Jim Jarmusch’s 10 Favorite Films: Ozu’s Tokyo Story, Kurosawa’s Seven Samurai and Other Black & White Classics

Jim Jar­musch, like his younger com­pa­tri­ots in film­mak­ing Quentin Taran­ti­no and Wes Ander­son, made his name as much with his taste as with his body of work. Or maybe it makes more sense to say that he’s made his name in large part by mak­ing films shaped by, and show­cas­ing, that taste. This seems to have held espe­cial­ly true in the case of Only Lovers Left Alive, his most recent fea­ture, which focus­es on a mar­ried cou­ple of vam­pire aes­thetes who split their time between her place in Tang­i­er stacked with yel­lowed vol­umes of poet­ry, and his decay­ing Detroit Vic­to­ri­an decked out with a noise-rock record­ing stu­dio and an iPhone patched through an old tube tele­vi­sion.

So Jar­musch’s fans will by def­i­n­i­tion have some famil­iar­i­ty with the direc­tor’s pref­er­ences in cloth­ing, music, Euro­pean cul­tures, and nich­es of Amer­i­cana. But what about in oth­er movies? Here we have a top ten list from the mak­er of Per­ma­nent Vaca­tion, Mys­tery Train, and Night on Earth, orig­i­nal­ly com­posed for the British Film Insti­tute’s 2002 Sight and Sound top ten poll. Three of Jar­musch’s selec­tions you can watch online here, or find them in our col­lec­tion, 4,000+ Free Movies Online: Great Clas­sics, Indies, Noir, West­erns, Doc­u­men­taries & More.

  1. L’Atalante (1934, Jean Vigo)
  2. Tokyo Sto­ry (1953, Yasu­jiro Ozu)
  3. They Live by Night (1949, Nicholas Ray)
  4. Bob le Flam­beur (1955, Jean-Pierre Melville)
  5. Sun­rise (1927, F.W. Mur­nau) 
  6. The Cam­era­man (1928, Buster Keaton/Edward Sedg­wick) 
  7. Mouchette (1967, Robert Bres­son)
  8. Sev­en Samu­rai (1954, Aki­ra Kuro­sawa)
  9. Bro­ken Blos­soms (1919, D.W. Grif­fith) 
  10. Rome, Open City (1945, Rober­to Rosselli­ni)

The true Jar­musch enthu­si­ast will imme­di­ate­ly notice a num­ber of con­nec­tions between his own pic­tures and those he names as his favorites. He began his career work­ing as an assis­tant to the direc­tor of They Live by Night, Nicholas Ray (and you can even glimpse Jar­musch in Light­ning Over Water, Wim Wen­ders’ doc­u­men­tary on Ray’s final years).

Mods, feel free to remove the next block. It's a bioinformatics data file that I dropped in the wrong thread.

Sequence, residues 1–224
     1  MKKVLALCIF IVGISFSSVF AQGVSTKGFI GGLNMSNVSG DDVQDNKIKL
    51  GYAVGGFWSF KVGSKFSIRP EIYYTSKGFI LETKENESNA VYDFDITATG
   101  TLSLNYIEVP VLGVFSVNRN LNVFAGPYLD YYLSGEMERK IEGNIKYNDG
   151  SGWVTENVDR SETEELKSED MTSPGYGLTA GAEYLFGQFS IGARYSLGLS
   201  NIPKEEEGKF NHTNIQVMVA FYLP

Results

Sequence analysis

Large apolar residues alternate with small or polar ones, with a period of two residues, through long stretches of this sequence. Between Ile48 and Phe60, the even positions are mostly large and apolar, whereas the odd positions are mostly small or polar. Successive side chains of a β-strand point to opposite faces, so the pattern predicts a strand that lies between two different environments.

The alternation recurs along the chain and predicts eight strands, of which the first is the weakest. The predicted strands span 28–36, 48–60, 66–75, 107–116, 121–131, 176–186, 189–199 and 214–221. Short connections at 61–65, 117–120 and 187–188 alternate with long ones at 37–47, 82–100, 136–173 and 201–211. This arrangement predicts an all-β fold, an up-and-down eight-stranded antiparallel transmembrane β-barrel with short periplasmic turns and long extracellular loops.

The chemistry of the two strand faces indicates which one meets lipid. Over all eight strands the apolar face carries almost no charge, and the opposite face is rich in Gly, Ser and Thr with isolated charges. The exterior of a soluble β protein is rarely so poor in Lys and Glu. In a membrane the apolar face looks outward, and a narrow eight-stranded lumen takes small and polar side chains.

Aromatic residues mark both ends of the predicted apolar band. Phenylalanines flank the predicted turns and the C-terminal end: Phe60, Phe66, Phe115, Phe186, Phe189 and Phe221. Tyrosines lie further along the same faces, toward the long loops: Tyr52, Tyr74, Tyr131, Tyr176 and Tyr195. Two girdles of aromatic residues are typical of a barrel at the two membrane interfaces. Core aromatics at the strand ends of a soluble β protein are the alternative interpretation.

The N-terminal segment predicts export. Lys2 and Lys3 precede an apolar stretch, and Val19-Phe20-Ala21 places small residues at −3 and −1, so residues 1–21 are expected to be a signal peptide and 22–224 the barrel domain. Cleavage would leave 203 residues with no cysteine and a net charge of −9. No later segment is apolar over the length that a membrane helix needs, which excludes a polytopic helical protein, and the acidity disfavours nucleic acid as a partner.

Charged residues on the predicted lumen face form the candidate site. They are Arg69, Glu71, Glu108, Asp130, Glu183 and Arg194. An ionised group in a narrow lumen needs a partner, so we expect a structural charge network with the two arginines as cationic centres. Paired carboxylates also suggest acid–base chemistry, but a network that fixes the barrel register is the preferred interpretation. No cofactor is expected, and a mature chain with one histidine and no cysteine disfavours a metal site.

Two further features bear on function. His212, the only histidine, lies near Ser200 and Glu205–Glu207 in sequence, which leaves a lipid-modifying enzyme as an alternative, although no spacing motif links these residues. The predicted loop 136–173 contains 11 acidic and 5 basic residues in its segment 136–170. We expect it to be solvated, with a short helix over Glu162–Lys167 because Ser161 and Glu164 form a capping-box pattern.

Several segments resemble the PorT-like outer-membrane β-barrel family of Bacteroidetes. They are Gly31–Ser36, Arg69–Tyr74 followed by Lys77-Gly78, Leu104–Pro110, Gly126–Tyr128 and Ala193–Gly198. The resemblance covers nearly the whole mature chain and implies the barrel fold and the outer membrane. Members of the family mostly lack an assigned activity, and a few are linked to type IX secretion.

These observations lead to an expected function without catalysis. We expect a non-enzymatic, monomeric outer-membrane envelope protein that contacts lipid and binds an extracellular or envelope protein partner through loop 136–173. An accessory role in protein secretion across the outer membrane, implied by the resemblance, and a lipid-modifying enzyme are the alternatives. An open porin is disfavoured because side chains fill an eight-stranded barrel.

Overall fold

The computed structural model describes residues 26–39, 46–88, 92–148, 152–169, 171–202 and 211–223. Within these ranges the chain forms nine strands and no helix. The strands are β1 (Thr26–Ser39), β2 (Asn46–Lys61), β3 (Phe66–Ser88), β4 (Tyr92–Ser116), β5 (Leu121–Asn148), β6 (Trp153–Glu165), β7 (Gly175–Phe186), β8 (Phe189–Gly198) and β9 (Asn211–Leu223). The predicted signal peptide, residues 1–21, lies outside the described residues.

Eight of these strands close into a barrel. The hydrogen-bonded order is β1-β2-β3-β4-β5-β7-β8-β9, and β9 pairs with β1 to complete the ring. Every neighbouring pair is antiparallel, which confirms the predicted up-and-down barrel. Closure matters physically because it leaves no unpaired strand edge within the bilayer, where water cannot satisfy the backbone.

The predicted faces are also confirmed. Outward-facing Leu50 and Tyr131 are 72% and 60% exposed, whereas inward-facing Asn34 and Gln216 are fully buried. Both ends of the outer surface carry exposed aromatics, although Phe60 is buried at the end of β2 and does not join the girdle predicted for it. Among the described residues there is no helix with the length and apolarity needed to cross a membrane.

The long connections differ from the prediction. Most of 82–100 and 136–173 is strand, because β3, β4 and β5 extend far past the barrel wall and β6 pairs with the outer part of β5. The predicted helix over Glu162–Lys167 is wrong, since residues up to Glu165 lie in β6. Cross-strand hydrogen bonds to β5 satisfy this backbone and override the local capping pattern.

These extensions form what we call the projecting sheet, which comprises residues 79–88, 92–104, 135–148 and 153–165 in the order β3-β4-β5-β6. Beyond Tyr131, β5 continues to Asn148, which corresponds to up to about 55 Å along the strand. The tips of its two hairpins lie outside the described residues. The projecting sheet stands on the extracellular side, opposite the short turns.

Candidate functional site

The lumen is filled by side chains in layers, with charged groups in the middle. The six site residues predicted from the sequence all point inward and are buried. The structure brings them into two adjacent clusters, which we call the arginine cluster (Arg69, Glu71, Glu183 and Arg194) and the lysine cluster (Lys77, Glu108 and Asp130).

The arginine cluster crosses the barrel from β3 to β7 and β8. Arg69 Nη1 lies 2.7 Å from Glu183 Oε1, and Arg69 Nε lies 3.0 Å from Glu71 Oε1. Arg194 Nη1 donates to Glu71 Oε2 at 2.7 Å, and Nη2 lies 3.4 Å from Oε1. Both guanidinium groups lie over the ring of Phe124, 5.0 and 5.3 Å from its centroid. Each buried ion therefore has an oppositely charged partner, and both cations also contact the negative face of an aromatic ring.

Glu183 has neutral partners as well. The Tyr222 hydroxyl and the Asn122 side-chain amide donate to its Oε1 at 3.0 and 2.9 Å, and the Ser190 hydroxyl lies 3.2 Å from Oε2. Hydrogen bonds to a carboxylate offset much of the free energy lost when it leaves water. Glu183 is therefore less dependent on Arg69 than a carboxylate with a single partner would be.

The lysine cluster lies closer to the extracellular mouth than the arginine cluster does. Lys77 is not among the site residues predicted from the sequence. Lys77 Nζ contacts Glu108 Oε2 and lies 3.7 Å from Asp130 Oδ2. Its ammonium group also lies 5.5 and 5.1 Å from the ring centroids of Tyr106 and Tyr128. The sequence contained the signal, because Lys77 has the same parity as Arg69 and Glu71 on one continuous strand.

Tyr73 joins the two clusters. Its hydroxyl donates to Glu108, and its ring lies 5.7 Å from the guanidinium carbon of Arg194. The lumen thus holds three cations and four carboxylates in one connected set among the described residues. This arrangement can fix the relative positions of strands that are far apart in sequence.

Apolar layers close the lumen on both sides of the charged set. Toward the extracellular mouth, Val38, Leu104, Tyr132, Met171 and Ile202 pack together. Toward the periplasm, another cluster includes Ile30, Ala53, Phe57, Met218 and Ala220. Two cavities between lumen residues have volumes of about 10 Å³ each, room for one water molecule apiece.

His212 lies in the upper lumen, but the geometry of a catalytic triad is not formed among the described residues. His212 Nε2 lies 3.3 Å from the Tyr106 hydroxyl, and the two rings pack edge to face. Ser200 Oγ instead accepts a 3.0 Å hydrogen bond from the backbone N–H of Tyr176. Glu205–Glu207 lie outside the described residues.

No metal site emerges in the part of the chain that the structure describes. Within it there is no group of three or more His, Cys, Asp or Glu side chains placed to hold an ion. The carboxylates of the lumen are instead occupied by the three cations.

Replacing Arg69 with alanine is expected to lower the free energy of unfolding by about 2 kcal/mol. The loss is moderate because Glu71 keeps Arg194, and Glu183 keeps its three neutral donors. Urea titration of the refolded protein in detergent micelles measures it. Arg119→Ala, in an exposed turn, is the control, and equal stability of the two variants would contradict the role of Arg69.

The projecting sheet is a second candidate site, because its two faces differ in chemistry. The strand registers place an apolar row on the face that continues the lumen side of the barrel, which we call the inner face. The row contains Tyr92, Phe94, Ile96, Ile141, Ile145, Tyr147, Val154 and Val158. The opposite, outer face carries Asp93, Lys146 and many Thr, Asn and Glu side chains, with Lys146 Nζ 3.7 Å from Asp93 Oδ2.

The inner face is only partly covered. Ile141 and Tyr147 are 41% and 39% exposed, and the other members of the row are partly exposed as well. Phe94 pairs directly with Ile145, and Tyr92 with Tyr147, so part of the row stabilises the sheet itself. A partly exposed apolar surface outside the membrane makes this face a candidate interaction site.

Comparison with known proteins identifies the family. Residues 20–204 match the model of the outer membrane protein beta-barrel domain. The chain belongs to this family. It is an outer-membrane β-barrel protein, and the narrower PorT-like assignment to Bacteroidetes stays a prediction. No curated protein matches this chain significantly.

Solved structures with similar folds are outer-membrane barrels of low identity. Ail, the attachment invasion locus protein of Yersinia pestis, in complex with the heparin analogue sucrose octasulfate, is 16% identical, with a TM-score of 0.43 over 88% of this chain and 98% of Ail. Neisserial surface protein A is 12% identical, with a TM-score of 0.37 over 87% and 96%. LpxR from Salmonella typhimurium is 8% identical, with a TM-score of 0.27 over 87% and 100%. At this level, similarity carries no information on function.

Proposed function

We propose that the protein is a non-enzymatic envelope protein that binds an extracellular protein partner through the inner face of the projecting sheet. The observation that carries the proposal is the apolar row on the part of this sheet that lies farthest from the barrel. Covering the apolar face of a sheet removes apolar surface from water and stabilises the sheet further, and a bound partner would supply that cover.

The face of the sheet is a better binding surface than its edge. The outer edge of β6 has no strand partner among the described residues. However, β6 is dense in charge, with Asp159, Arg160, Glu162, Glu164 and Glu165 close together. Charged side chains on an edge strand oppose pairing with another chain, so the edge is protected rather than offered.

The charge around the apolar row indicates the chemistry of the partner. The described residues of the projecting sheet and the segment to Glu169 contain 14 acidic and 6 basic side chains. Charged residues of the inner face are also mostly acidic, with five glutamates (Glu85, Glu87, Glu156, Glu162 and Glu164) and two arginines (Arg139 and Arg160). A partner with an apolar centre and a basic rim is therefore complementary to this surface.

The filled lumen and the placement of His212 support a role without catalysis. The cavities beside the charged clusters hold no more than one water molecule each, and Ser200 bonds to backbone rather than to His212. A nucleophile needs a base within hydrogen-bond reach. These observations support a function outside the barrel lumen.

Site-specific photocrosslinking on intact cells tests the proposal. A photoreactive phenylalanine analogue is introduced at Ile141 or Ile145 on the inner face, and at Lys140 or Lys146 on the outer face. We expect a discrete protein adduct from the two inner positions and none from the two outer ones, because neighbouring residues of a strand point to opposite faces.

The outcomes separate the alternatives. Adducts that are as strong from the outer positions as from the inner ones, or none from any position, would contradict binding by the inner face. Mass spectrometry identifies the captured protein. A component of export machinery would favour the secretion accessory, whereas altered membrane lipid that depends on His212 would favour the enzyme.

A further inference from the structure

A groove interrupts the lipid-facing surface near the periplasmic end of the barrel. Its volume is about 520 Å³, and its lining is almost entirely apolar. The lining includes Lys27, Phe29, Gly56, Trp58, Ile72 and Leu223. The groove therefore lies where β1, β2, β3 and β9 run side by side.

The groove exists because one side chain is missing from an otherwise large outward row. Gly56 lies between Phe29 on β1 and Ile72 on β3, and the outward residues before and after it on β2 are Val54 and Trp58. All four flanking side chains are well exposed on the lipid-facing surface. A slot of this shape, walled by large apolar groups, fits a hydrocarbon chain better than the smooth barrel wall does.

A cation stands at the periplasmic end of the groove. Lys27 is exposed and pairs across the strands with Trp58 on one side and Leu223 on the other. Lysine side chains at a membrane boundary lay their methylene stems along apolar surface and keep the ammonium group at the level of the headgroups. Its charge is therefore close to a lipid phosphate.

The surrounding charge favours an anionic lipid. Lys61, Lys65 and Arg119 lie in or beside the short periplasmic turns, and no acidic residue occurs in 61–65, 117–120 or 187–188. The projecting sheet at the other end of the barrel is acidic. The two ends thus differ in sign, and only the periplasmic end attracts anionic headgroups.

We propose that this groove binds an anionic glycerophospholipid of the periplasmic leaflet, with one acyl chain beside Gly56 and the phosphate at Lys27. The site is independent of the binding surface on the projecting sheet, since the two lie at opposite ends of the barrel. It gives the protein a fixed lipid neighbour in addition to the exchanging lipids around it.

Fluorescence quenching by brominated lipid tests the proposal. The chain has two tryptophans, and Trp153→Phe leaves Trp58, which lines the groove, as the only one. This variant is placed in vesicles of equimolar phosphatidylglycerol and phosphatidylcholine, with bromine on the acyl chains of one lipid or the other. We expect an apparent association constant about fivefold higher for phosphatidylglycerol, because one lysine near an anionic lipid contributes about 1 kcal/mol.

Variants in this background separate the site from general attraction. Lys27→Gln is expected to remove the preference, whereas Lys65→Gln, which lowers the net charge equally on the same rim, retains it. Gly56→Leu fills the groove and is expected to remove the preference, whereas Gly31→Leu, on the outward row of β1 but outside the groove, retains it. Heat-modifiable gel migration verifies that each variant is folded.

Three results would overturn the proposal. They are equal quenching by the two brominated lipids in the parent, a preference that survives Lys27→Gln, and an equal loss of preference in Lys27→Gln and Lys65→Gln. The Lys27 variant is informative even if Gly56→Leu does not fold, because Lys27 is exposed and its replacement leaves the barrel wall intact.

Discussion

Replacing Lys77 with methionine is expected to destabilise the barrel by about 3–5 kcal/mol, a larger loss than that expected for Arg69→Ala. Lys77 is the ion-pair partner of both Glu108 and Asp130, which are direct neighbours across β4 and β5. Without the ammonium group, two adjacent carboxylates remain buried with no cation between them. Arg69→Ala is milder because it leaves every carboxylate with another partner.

Jar­musch’s Ghost Dog: The Way of the Samu­rai shares not just tit­u­lar but philo­soph­i­cal qual­i­ties with Kuro­sawa’s Sev­en Samu­rai. With Bob le Flam­beur, Jean-Pierre Melville gave birth to cin­e­mat­ic “cool,” a tra­di­tion Jar­musch has done his lev­el best to uphold. And if D.W. Grif­fith’s Bro­ken Blos­soms sounds a bit like Bro­ken Flow­ers, the sim­i­lar­i­ties — the indi­rect ones, at least — don’t end there.

And all cinephiles, Jar­musch fans or oth­er­wise, will notice that he has includ­ed not a sin­gle col­or film among his top ten. Some of this might have to do with his gen­er­al­ly retro sen­si­bil­i­ty (some­thing to which even casu­al view­ers of his work can attest), but the likes of Stranger Than Par­adise, Down By Law, Dead Man, and Cof­fee and Cig­a­rettes sug­gest that he him­self counts as one of the finest users of black-and-white cin­e­matog­ra­phy in the mod­ern day. The vivid col­ors Yorick Le Saux cap­tured for him in Only Lovers Left Alive (and Christo­pher Doyle did in its pre­de­ces­sor, The Lim­its of Con­trol), sug­gest that Jar­musch’s uni­verse exists equal­ly well in both visu­al realms, but speak­ing from my own Jar­musch fan­dom, I do hope he has at least one more black-and-white pic­ture in him.

Relat­ed Con­tent:

Two Short Films on Cof­fee and Cig­a­rettes from Jim Jar­musch & Paul Thomas Ander­son

Jim Jar­musch: The Art of the Music in His Films

Free: F. W. Murnau’s Sun­rise, the 1927 Mas­ter­piece Vot­ed the 5th Best Movie of All Time

Jim Jarmusch’s Anti-MTV Music Videos for Talk­ing Heads, Neil Young, Tom Waits & Big Audio Dyna­mite

Col­in Mar­shall writes on cities, lan­guage, Asia, and men’s style. He’s at work on a book about Los Ange­les, A Los Ange­les Primer, and the video series The City in Cin­e­ma. Fol­low him on Twit­ter at @colinmarshall or on Face­book.

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